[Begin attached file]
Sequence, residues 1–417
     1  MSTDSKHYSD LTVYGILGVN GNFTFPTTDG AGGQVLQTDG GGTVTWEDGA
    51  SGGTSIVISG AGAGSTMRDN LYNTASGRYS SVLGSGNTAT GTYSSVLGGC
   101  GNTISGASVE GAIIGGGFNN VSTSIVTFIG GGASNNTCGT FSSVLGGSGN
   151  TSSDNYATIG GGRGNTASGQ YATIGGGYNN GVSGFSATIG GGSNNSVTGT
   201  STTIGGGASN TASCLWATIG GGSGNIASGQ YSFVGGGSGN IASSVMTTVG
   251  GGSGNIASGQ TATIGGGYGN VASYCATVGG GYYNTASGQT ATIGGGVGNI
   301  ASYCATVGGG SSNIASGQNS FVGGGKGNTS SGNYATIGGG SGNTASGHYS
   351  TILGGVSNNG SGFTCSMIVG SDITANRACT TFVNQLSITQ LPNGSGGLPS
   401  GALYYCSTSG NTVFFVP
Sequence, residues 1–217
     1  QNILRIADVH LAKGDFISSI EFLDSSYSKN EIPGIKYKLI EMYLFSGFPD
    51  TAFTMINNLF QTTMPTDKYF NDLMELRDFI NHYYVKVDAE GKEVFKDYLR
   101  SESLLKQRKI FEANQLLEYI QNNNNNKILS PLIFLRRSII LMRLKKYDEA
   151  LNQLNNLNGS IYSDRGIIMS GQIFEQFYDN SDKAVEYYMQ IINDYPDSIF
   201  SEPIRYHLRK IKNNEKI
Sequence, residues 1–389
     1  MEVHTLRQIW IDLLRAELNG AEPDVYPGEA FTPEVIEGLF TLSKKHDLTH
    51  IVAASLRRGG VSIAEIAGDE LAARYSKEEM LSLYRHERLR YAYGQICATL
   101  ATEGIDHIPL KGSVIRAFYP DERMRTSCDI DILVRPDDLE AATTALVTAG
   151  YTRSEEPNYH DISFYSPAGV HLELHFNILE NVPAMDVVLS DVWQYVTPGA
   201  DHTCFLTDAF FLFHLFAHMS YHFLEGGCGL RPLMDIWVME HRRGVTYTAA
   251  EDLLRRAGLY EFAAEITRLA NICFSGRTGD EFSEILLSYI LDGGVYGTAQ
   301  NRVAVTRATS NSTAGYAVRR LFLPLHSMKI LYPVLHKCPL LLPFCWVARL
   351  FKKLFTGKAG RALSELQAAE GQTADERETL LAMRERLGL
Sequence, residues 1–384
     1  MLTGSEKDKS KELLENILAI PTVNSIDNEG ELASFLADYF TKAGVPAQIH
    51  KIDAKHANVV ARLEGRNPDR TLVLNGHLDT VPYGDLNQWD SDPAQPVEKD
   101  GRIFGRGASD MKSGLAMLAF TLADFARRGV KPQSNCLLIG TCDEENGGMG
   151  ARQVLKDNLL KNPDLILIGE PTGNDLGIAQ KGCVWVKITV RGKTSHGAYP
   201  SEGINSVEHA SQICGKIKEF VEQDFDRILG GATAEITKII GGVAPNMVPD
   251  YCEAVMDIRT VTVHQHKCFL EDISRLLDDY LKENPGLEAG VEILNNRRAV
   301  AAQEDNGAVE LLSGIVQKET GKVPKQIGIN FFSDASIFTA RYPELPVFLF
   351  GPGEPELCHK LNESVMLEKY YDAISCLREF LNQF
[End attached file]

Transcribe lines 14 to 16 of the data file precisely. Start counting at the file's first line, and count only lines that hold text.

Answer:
   101  SESLLKQRKI FEANQLLEYI QNNNNNKILS PLIFLRRSII LMRLKKYDEA
   151  LNQLNNLNGS IYSDRGIIMS GQIFEQFYDN SDKAVEYYMQ IINDYPDSIF
   201  SEPIRYHLRK IKNNEKI